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What are we each entitled to in our divorce settlement?

What does the law say about how to split the house, how to share pensions and other assets, and how much maintenance is payable.

What steps can we take to reach a fair agreement?

The four basic steps to reaching an agreement on divorce finances are: disclosure, getting advice, negotiating and implementing a Consent Order.

What is a Consent Order and why do we need one?

A Consent Order is a legally binding document that finalises a divorcing couple's agreement on property, pensions and other assets.


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Consent Order: How watertight?

  • mcvw
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11 Jun 12 #336040 by mcvw
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Hi,

About a year or so ago I purchased a consent/final order from this site - however when I saw a solicitor earlier in the year and mentioned this fact, the solicitor commented that normally orders ''of this nature'' aren''t actually ''all that final'' and that they require additional work from a solicitor to make them completely watertight/final.

How true/correct is this comment from the solicitor as I am now confused, and also wary of completing/submitting the Consent Order I already have?

If the consent order I have is not ''watertight'' what are the exceptions/holes that I should ask a solicitor to ''plug''?

Thank you,


Mike

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11 Jun 12 #336041 by dukey
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Mike

Was the order sealed in court? If you look on the first page does it have a rubber stamp?.

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11 Jun 12 #336044 by mcvw
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Sorry - I should''ve been more explicit.

The consent order I have is yet to be submitted to court as my ex has still not yet completed her side of the documentation.

The main reason being that she keeps changing her mind over what she wants as a settlement (women eh ;)lol!)

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11 Jun 12 #336046 by dukey
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Mc

The order does not become binding or watertight as you say until it''s signed and sent to court with the D81 if the judge is happy with it s/he stamps it and then once you have the Absolute it''s binding and enforceable.

So until she agrees it and signs it the solicitor is right sadly.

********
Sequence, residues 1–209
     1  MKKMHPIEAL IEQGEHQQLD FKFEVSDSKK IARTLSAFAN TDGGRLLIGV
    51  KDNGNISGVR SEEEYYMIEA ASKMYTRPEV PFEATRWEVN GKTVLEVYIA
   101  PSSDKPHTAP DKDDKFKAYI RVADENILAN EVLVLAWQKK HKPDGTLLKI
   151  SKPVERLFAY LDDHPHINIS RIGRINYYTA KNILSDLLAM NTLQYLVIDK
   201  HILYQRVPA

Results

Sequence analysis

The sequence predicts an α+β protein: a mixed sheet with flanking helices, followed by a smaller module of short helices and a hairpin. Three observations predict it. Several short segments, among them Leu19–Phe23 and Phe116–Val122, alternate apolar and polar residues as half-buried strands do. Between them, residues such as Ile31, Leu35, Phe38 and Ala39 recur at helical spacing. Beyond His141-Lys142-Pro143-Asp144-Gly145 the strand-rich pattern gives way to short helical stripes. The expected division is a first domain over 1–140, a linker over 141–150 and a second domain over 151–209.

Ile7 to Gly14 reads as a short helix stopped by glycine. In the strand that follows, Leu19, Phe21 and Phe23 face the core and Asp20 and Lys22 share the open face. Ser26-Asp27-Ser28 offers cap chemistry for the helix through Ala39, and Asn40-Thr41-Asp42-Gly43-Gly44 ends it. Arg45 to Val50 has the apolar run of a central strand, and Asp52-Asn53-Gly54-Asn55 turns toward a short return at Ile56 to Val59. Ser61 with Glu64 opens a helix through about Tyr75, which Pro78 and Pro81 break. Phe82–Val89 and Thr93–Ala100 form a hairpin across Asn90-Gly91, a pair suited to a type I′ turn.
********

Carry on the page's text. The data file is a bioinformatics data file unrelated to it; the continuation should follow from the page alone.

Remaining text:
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11 Jun 12 #336048 by mcvw
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Hi Dukey,

Thanks for the reply.

I understand that it wouldn''t become binding until the court approves it, however the impression I got from the solicitor was that the consent order I have would not be completely final (even after court approval) and that a solicitor could extend/add extra conditions to the consent order to make it totally ''final''.

Thanks again,


Mike

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11 Jun 12 #336049 by dukey
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Mike

Once the order is sealed it is binding if you have the DA everything in the order can be enforced, perhaps the sol is suggesting other clauses could be included I can only guess, there is nothing that can be done to make it more binding.

They are what they are and do what they say, did the sol make any specific suggestions, term bar maybe?.

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11 Jun 12 #336050 by mcvw
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Hi Dukey,

The DA was granted in Jan 2011, and as you say I was hoping the consent order would merely be a final formality - especially as we had (at the time) agreed on a settlement i.e. 50/50 equity split, pensions etc to not be included.

The solicitor did state that one of my pensions could be ring-fenced as it was effectively ''closed'' prior to my relationship/meeting my ex. But other than that they implied (or gave that impression) that they ''turned their nose up'' at fixed price consent orders as they ''weren''t worth the paper they were printed on''.

Is it possible the solicitor was acting in a somewhat ''snobbish'' manner towards these consent orders, or were they being totally transparent and offering their services to extend the consent order thus making it totally sealed?

Thank you,


Mike

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